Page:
Residents of Maiduguri were elated Wednesday evening when electricity was restored nearly two months after Boko Haram blew up power supply lines.
The attack on January 26 was the third time in a month that militants from the IS-linked Islamic State West Africa Province (ISWAP) group had plunged the city into darkness.
On a bustling street near Bakassi camp, which hosts more than 30,000 people displaced by the conflict in the region, residents were rejoicing.
“Seriously, I appreciate it,” Sihiyina Chinde, 24, sitting on a wooden bench, preparing pan-fried rice cake and grounded beans in a pan she could finally see thanks to the street lights.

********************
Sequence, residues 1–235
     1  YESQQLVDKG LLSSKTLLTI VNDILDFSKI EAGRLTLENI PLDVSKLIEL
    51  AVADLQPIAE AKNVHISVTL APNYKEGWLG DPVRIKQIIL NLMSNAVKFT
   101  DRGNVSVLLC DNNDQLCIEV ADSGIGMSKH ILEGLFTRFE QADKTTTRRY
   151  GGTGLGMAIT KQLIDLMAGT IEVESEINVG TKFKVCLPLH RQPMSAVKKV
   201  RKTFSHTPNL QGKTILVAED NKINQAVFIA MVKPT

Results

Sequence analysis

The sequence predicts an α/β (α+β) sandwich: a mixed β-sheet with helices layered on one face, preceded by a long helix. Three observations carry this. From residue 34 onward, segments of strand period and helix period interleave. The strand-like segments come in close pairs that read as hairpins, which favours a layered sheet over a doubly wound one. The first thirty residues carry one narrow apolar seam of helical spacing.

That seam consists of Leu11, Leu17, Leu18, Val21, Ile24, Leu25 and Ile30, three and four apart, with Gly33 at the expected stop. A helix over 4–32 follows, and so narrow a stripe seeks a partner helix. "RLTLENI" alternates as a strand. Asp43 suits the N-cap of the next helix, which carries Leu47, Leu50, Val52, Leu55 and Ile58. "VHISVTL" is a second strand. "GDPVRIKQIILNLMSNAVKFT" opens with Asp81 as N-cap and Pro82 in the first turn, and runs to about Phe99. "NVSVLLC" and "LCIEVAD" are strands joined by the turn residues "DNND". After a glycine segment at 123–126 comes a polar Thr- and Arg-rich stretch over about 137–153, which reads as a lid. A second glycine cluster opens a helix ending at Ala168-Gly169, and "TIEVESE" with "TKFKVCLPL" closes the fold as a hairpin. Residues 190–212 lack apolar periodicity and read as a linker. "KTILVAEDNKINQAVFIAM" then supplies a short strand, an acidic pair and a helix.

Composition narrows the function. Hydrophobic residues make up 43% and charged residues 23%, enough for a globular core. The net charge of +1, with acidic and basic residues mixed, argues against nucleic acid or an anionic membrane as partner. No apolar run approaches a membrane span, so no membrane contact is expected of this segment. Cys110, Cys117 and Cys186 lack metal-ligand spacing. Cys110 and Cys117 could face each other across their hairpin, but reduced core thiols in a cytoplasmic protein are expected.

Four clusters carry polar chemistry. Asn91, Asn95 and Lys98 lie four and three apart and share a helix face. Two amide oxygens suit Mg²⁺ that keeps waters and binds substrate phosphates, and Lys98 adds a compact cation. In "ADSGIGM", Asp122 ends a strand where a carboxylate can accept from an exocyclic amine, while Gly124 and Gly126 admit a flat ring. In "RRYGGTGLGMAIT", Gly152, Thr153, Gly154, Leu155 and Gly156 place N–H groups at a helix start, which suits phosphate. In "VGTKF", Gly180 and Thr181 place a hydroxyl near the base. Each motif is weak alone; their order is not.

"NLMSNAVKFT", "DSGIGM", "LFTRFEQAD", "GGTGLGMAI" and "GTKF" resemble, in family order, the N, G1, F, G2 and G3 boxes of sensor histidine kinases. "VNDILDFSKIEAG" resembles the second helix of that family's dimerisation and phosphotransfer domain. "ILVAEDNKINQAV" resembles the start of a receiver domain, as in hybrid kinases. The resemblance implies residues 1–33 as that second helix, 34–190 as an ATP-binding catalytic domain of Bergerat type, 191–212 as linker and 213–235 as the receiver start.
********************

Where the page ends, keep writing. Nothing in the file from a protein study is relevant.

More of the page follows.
“I’m a maths and statistics student and now I can read my books without using my torchlight.”
Across the road, a group of children were buying cold water, sold in small plastic bags.
“The light came back at 5:42pm,” said the shop owner, Ibrahim Mustafa Goni.
The power company has not yet released a statement but had said it was working on repairing the supply lines to the city of three million people.
“Life has been hard,” says 48-year-old Goni, “especially at the moment, in the hot season, when cold water is really needed.”